I was a fish out of water shifting from the Philippine freelance scene to the Dubai corporate world, and my ordeal has struck me to the core, leading me to question everything I know to be true about myself. All my life, I thought I just needed something to be passionate about. I did not foresee that my value system would be turned upside down.

Confused and frightened, I drowned myself in misery. I made paper snowflakes to remind myself of Christmas. I scoured YouTube for the saddest song I could find, settling on Kindred Garden’s “Pangako.” And for many nights, I longed to wrap myself in that ridiculous blue blanket I left at home.

I felt like a complete ingrate for wasting what could have been a stepping stone in my career; a nutcase because of my reasons for leaving; and a scum, for knowing that other people are going through tougher trials and can’t do anything about it.

Inflated sense of guilt and self-loathing aside, I found myself in a crossroads, unsure about how I, with my unconventional principles and aspirations, fit exactly into this world that demands that I reach out for so much more than I aim for.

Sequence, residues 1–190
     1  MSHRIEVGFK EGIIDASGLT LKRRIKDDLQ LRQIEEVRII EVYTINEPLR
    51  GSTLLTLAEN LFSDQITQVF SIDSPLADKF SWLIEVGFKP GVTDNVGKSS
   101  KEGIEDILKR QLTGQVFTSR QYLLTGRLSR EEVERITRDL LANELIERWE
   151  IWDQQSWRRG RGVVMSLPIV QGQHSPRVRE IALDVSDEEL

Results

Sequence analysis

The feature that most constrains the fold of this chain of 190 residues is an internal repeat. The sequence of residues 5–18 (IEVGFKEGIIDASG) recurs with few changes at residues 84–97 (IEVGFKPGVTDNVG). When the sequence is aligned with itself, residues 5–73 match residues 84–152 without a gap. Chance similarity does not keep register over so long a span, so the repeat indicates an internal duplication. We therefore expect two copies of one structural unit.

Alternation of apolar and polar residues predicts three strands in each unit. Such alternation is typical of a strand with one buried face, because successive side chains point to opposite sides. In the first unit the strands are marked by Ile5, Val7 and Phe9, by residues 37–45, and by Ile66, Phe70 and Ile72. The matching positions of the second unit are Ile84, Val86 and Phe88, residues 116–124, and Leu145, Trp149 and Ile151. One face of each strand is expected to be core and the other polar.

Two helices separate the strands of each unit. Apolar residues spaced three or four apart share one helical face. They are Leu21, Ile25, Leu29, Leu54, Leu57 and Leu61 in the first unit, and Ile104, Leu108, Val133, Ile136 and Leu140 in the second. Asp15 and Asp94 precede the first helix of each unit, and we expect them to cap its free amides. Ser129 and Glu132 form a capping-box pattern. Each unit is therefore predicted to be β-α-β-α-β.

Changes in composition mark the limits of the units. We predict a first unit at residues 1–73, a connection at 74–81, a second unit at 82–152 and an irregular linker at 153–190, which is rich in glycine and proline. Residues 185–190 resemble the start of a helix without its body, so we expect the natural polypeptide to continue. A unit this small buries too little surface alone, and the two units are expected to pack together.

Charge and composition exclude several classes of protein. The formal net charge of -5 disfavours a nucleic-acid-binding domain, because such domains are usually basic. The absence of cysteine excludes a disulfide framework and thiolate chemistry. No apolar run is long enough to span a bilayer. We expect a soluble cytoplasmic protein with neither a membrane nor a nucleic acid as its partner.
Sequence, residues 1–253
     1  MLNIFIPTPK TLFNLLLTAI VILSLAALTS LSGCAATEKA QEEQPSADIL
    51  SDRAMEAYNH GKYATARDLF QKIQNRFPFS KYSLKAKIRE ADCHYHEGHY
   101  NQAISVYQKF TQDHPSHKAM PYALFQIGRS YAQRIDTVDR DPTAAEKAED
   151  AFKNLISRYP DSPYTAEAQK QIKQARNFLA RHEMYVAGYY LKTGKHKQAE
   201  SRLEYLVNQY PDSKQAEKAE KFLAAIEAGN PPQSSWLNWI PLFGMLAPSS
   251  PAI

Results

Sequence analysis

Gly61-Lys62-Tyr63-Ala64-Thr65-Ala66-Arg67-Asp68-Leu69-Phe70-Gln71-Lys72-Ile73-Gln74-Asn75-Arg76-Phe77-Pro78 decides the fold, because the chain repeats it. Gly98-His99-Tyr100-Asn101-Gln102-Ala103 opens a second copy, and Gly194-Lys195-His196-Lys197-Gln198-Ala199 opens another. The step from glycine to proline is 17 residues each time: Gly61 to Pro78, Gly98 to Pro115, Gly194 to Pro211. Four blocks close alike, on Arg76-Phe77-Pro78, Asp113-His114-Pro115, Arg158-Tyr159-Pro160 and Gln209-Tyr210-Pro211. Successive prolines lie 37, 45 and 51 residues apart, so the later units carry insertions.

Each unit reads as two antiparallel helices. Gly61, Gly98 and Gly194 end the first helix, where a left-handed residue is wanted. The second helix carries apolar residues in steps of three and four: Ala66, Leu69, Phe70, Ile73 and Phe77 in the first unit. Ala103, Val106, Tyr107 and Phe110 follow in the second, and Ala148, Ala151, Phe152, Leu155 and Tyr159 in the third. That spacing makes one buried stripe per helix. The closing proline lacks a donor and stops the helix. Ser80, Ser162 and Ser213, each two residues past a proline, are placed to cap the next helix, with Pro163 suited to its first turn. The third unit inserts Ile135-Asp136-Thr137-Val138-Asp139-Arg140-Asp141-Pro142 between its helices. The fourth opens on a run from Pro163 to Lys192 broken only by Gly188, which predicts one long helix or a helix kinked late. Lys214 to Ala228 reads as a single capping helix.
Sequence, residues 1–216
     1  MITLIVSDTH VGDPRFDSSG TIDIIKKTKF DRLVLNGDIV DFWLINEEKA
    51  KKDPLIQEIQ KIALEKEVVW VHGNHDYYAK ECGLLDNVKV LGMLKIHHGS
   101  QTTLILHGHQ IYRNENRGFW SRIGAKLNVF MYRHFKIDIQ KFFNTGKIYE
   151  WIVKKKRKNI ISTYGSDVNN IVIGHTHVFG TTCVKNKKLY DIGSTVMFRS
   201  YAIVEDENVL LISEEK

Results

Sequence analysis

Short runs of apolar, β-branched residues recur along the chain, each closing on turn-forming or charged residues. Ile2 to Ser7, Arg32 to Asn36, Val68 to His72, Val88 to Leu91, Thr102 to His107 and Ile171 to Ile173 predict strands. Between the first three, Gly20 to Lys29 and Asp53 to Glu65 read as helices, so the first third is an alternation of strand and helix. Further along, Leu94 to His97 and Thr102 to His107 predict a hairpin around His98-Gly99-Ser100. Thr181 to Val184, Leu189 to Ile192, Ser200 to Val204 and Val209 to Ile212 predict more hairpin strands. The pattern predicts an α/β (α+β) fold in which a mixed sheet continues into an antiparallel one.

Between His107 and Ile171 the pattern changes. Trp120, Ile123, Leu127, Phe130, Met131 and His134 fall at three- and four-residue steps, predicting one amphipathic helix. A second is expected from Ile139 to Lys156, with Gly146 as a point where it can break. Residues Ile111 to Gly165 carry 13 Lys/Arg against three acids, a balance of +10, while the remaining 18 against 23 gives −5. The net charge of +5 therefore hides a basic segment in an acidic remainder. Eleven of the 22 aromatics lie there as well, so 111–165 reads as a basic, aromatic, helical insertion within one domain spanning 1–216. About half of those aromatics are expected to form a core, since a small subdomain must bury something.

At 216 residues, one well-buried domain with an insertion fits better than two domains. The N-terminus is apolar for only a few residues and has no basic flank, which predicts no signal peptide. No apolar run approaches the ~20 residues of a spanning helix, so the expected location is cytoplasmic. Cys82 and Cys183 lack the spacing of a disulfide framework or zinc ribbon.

Is there a place for ideals in any of this? I wondered bleakly.

But you can only be down in the dumps for so long. With the help of family, friends, and some insightful books, you decide to keep moving forward. And eventually, things come into focus.

I am going through a phase that psychologist James Marcia described as an “identity moratorium.” A moratorium, in the legal sense, is a delay granted to someone who is not yet ready to make a decision or assume an obligation. In the psychological sense, it is a period characterized by an exploration of alternatives before commitments are made.

Now, an exploration of alternatives comes, more or less, as a foolish luxury from where I’m from. Where I’m from, every day is a struggle to make ends meet and the only course of action is to maintain a daily dose of “No Pain, No Gain”— and take it with a smile. Pinoys, we tough it out, imbued with the idea that the best way to live life is to live it nobly, with sacrifice as the fuel and with the end goal of giving back.

This is all well and good. However, it slips many minds that this ideology does not, and should not, translate the same way to every single Filipino. Some Filipinos find it essential to explore alternatives in the pursuit of finding themselves and their place in the world, and ultimately, in the pursuit of living a life worth being told. I am one of those (although we are a rare breed, I hear) who believe in living a purposeful life and establishing my identity.

Pamela Grace G. Lico, 22, is a photographer/writer born and raised in Cagayan de Oro City and now currently based in Dubai, UAE.

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TAGS: blogging, Dubai, employment, fashion and beauty, overseas Filipino worker, resignation, youth